The Fall of Fashion Week
Fashion week has been a New York City mainstay since the 1940s, but with rapidly advancing e-commerce and a shift in consumer buying patterns, designers and consumers alike are unsure if NYFW is worth the trouble.
The fashion industry, in its current state, is relatively accessible. Consumers no longer have to settle for a limited selection of designers and department store brands. The emerging world of e-commerce has brought with it a new world of fashion—one that doesn’t abide by the decades-old fashion calendar. New-age brands such as Everlane and ASOS, among dozens of others, have largely neglected traditional retail and have instead introduced a new, seemingly consumer-first way of doing business. These online storefronts operate on their own calendars, releasing immediate collections to meet the needs of their target customers. Instead of worrying about showcasing a collection, these brands present and release clothing when it’s deemed most necessary.
With all that said, why do we still have fashion shows?
In a 2016 interview with WWD, designer Tom Ford called traditional fashion shows an “antiquated idea” in a world that has become “increasingly immediate”. Ford was referring to the changing landscape of the fashion industry, suggesting that consumers no longer want to endure the 4 month period between viewing a designer’s collection and the collection being available for purchase. With the industry having shifted towards limited online drops in the renaissance of the digital age, it’s likely that the designer is right. However, Ford attempted the “See Now, Buy Now” model with his namesake brand in 2017 and found that it flopped, claiming that his company lost a month of sales as the clothes sat in inventory, as reported by Business of Fashion. Even with Ford’s lack of success, luxury labels such as Moncler are ditching the fashion calendar in favor of monthly drops that cover the 12-month span of the year. Even Gucci and Burberry are adopting the exact same “See Now, Buy Now” model that Ford used in hopes that it catches on.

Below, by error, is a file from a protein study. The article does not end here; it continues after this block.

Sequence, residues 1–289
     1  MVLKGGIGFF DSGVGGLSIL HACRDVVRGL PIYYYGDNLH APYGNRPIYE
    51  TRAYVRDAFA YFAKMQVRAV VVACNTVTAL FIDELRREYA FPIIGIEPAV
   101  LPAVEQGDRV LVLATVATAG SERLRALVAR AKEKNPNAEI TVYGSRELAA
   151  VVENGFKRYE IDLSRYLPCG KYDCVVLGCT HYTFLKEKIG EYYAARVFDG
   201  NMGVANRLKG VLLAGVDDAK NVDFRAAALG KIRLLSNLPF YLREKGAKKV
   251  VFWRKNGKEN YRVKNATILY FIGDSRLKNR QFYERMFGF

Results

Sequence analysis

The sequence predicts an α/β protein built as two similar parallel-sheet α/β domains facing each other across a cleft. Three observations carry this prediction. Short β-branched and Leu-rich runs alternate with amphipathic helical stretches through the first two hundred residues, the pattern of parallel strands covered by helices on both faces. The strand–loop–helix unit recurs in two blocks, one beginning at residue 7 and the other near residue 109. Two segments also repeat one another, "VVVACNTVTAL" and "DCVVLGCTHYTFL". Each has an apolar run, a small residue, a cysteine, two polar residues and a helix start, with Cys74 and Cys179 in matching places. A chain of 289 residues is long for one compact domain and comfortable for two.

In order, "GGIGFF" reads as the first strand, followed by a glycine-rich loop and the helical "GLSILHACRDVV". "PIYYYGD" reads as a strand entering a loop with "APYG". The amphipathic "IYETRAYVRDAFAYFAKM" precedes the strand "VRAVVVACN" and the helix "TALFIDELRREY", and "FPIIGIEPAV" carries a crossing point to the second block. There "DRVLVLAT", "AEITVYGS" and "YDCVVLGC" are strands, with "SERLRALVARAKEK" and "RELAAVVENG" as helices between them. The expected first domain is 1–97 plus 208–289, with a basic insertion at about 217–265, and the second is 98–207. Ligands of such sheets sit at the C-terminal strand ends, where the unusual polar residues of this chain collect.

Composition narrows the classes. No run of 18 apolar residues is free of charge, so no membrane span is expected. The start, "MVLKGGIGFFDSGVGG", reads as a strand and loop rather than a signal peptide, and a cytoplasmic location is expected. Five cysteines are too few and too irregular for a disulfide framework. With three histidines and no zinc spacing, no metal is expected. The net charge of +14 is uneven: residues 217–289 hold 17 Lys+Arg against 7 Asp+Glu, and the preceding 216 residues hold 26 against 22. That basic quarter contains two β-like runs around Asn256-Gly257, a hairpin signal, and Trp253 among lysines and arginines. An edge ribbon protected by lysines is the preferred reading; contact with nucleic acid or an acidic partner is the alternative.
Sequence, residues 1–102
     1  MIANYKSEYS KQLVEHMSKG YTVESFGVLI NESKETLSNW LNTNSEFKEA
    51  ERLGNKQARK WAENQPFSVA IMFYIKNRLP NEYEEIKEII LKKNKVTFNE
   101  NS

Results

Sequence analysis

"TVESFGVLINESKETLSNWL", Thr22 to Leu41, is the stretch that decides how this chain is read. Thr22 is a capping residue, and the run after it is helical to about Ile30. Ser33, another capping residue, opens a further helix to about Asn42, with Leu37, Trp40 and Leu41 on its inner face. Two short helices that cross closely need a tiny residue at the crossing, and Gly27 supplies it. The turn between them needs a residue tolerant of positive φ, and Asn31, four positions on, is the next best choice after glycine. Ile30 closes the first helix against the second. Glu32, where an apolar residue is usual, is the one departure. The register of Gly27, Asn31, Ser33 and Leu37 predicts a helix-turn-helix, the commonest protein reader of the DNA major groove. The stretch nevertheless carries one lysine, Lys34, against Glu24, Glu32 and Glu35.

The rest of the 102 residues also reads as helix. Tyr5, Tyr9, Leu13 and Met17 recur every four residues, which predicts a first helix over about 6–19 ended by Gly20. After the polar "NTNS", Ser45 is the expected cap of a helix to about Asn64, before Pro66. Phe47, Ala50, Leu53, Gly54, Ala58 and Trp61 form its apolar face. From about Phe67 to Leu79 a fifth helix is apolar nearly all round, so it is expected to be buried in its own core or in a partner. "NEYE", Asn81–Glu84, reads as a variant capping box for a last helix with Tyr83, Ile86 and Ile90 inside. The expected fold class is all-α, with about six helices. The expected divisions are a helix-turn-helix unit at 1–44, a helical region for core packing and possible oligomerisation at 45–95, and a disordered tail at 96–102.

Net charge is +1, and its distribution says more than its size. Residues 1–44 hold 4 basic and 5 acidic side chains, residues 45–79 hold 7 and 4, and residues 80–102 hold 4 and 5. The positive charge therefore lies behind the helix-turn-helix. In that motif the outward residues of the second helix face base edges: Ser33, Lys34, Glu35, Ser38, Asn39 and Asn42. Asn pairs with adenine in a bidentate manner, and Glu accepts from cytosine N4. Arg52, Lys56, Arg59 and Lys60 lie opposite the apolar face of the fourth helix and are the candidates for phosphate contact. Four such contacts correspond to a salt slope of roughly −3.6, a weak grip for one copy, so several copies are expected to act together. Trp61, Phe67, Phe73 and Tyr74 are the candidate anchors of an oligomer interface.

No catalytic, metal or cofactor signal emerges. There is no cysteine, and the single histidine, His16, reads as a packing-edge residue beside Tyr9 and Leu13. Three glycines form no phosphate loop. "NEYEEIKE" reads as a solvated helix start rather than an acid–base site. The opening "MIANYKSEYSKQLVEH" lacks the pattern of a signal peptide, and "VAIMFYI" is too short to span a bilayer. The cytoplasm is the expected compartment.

Fashion is rapidly becoming more universal, and that’s exactly why New York fashion is fading away. Unlike its European predecessors, American fashion has no heritage, and resultantly, it has no staying power. The luxury powerhouse within fashion is a European creation, and these labels now know that the American consumer will see their collection no matter where they show, opting to return to their respective traditions. Marc Jacobs and Alexander Wang are the only luxury labels keeping NYFW alive as it struggles to keep its head above water in a sea of young brands that lack significance.
Fashion week beginning to exit New York isn’t the worst thing in the world, though. In fact, it gives opportunity to the dozens of young brands in the city to shine without having to sit in the shadow of Marc Jacobs. This is already happening. A prime example is Emily Bode, a New York based designer, who won the 2019 LVMH prize. The LVMH prize is an award for young fashion designers that have stood out in the industry, and with the fashion landscape in New York having cleared, Bode and her namesake label have begun to shine globally. If things continue at this rate, she will be the first of many successful newcomers.